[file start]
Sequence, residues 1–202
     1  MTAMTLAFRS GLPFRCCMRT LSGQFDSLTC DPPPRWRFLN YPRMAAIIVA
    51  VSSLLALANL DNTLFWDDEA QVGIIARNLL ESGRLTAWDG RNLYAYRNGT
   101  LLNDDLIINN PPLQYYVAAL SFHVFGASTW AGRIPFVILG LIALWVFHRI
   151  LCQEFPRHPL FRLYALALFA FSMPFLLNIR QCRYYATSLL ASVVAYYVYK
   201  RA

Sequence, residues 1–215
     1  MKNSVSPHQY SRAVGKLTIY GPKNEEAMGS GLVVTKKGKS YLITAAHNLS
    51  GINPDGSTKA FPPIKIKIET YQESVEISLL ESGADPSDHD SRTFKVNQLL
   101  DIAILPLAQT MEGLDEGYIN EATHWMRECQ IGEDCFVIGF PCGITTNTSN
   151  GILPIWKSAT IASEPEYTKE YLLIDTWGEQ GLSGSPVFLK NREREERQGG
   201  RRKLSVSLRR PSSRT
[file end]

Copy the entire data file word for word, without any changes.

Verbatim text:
Sequence, residues 1–202
     1  MTAMTLAFRS GLPFRCCMRT LSGQFDSLTC DPPPRWRFLN YPRMAAIIVA
    51  VSSLLALANL DNTLFWDDEA QVGIIARNLL ESGRLTAWDG RNLYAYRNGT
   101  LLNDDLIINN PPLQYYVAAL SFHVFGASTW AGRIPFVILG LIALWVFHRI
   151  LCQEFPRHPL FRLYALALFA FSMPFLLNIR QCRYYATSLL ASVVAYYVYK
   201  RA

Sequence, residues 1–215
     1  MKNSVSPHQY SRAVGKLTIY GPKNEEAMGS GLVVTKKGKS YLITAAHNLS
    51  GINPDGSTKA FPPIKIKIET YQESVEISLL ESGADPSDHD SRTFKVNQLL
   101  DIAILPLAQT MEGLDEGYIN EATHWMRECQ IGEDCFVIGF PCGITTNTSN
   151  GILPIWKSAT IASEPEYTKE YLLIDTWGEQ GLSGSPVFLK NREREERQGG
   201  RRKLSVSLRR PSSRT